I hope to graduate with the knowledge and experience to really make a difference in the lives of the people who are unfortunate to receive good, timely, and affordable health care. I believe health care is a human right not a reward for those people that are willing and able to pay. The equitable distribution of health care should be a societal responsibility. Thus, the government should do more to control the production and distribution of health care since it is my belief that the inability to obtain medical care because of a lack of financial resources is unjust. Health care should be a social good not an economic good and I intend to make that happen.

Héctor Barrera antes de recibir la beca en na ceremonia que tuvo lugar en la Iglesia Metodista de Silver Spring. Foto: Ramón Jiménez.

Héctor Barrera antes de recibir la beca en na ceremonia que tuvo lugar en la Iglesia Metodista de Silver Spring. Foto: Ramón Jiménez.

But first I ask for your help to make my college career possible and highly rewarding as well. I ask for you to give me the opportunity to learn the things I need in order to accomplish the dreams I have for myself and my community.



I have always been very passionate about engaging in my community because I believe in the transformative power that lies in service. I have volunteered at the Montgomery County Recreation Department supervising children with disabilities. I have also interned at Centro Nia, an educational center in Washington, D.C. serving low-income families. Working with families and children is something I enjoy doing because I believe that in empowering vulnerable communities lies the future of our country. In my capacity as an intern and volunteer, I learned how important it is for our societal and economic wellbeing to work to enable our communities to access quality resources and achieve their dreams. While in high school, I was the Spanish Column Writer for my high school’s newspaper. I mostly wrote about social issues concerning the Hispanic/Latino population. Since then, I have become more involved in athletics at my university. I’m a member and Captain of UMBC’s tennis club. I really enjoy playing tennis as it keeps me active. While these experiences have shaped my thinking in many ways, I’d like to expand on one that I believe has helped me grow the most. Last year, I volunteered as an English teacher at CASA de Maryland, which is Maryland’s leading nonprofit organization working to help immigrants adjust and adapt to life in the United States. My objective at CASA de Maryland was to help Latino immigrants improve their English language skills so that they could pursue their dreams of getting a better job and/or access educational opportunities. In many ways volunteering at CASA de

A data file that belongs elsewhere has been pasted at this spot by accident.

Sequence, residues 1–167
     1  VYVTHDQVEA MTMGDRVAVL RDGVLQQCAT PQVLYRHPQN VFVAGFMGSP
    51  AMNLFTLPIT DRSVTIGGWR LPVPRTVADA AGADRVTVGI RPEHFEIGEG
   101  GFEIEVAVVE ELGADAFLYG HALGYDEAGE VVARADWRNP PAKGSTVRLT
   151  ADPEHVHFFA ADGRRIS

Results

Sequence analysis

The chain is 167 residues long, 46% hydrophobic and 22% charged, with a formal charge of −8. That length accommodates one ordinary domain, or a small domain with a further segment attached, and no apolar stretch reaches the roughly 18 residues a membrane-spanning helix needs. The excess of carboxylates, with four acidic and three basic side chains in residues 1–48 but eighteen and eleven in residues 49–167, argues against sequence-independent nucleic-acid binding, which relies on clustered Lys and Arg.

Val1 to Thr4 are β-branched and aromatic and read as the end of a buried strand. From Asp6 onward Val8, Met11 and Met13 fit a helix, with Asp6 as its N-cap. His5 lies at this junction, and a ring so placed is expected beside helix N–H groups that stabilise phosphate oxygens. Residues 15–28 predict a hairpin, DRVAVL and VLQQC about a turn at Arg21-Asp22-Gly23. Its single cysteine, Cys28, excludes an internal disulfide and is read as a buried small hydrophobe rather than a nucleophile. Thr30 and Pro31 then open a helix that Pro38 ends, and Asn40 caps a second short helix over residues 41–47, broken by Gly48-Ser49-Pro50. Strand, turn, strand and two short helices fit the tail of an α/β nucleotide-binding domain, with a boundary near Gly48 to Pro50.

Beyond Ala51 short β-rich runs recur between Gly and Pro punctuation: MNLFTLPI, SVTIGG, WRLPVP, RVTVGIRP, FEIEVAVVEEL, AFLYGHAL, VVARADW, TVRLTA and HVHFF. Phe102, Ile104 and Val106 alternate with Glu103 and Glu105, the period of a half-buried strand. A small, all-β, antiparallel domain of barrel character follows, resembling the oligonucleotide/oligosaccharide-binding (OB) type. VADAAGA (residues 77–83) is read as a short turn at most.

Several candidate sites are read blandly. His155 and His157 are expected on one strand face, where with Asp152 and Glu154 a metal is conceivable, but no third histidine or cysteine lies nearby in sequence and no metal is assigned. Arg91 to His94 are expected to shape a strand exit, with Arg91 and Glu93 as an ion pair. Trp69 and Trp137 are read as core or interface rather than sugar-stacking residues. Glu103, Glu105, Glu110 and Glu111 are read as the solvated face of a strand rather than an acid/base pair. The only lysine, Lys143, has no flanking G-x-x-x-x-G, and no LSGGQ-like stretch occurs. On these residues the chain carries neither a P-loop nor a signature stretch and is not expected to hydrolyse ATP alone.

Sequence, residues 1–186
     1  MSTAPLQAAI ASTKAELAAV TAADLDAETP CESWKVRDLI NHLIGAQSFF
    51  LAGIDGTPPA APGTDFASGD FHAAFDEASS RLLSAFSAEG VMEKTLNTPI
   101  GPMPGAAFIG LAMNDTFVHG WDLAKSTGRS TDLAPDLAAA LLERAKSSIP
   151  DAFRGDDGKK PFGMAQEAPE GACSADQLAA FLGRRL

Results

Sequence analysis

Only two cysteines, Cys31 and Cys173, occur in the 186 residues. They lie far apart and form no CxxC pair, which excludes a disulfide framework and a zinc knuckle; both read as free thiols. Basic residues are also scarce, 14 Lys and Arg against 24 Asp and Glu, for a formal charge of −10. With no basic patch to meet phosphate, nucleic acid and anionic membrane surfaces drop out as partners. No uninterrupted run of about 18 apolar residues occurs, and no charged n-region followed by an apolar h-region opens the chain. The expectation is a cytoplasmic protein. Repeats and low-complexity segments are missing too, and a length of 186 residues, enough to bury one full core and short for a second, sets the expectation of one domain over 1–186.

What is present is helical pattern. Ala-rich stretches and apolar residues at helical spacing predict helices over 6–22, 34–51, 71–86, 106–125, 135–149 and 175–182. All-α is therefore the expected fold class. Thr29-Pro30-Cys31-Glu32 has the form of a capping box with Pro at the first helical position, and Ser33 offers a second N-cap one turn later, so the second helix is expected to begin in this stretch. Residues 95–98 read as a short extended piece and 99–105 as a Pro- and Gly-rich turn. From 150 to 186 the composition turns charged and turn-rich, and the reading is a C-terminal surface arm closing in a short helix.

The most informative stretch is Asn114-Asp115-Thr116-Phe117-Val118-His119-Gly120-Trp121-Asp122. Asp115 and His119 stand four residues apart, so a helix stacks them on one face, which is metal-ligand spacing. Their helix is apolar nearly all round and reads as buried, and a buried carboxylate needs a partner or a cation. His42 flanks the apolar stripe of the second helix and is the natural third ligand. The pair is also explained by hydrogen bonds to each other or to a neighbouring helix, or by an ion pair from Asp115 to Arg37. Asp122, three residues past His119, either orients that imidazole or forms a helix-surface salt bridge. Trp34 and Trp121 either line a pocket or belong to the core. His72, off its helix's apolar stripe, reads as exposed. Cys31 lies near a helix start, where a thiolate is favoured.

Maryland was like being a “real life” educator. I had to prepare my own lesson plans, print out class materials (from my own printer at home), and make sure my students were listening, participating, and engaged in the learning process. Through this experience I learned the great many challenges of being a teacher. I pushed myself to ensure that my students were enjoying learning the English language, which often meant doing extra work and greater commitment on my end. I consider myself to be a shy person. It usually takes me some time to trust and feel fully comfortable with others. For that reason, this experience was a huge challenge for me. I felt scared because I first doubted my abilities as an educator. I had little confidence and I did not think I could be a mentor to anyone. This experience proved me wrong—showing me that when we are truly committed and passionate about making a difference we can achieve great things. I gave so much that year working at CASA de Maryland, but that does not compare to how much my students helped me grow as we all became accomplices in a beautiful learning experience.